US Secretary of State John Kerry said Sunday that Washington's decision to maintain sanctions on Myanmar will help strengthen reforms in the south-east Asian country that started moving away from direct military rule and isolation in 2011.
The administration of President Barack Obama eased sanctions on Myanmar this week after the first civilian-led government in more than five decades took power, following the landslide victory of Aung San Suu Kyi's opposition party in elections last year.
The Treasury Department removed seven state-owned companies and three state-owned banks from its sanctions list. It also expanded licensing to make it easier for US citizens to live in Myanmar and to enable economic activity.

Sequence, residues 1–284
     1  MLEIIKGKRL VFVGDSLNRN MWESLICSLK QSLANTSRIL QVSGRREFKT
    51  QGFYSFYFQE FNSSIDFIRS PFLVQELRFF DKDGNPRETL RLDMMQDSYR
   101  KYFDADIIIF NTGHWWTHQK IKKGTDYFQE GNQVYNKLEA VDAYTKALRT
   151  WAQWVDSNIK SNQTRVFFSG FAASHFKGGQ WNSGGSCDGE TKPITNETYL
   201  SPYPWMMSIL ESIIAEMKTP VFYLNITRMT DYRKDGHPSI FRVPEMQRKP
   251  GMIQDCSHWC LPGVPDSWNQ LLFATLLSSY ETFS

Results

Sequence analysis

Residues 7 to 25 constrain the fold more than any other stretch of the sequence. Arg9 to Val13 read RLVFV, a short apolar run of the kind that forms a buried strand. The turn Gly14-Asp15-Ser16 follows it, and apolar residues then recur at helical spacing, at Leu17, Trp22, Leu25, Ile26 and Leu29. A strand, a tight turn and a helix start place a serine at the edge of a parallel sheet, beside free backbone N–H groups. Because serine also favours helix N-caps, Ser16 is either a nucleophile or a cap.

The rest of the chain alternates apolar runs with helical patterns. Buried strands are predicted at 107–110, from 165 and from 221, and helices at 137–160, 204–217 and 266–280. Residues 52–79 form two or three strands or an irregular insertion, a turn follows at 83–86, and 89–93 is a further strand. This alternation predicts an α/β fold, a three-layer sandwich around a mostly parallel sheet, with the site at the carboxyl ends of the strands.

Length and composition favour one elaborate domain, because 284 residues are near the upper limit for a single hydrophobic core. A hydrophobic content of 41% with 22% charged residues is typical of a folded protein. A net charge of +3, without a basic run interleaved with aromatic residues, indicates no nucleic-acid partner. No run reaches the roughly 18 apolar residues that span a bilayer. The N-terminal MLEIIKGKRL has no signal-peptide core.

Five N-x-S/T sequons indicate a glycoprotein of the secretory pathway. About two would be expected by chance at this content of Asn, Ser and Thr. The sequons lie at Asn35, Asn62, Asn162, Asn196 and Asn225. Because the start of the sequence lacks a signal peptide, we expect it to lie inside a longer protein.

The department added other companies to the list, however. They included six companies owned 50-per-cent or more by Steven Law, a tycoon and son of notorious drug lord Lo Hsing Han, or his Asia World Co Ltd.
In addition, the US continues to ban the import of jade and rubies from Myanmar.
US sanctions are still needed to promote the further reform process in Myanmar, John Kerry said.
"The lifting of the sanctions is really up to the progress that is continuing within Myanmar," he said.
Kerry also said it would be difficult for Myanmar, with its current military veto on any major constitutional amendment, to complete the journey to democracy.
"It is impossible to complete that journey with the current constitution," he said.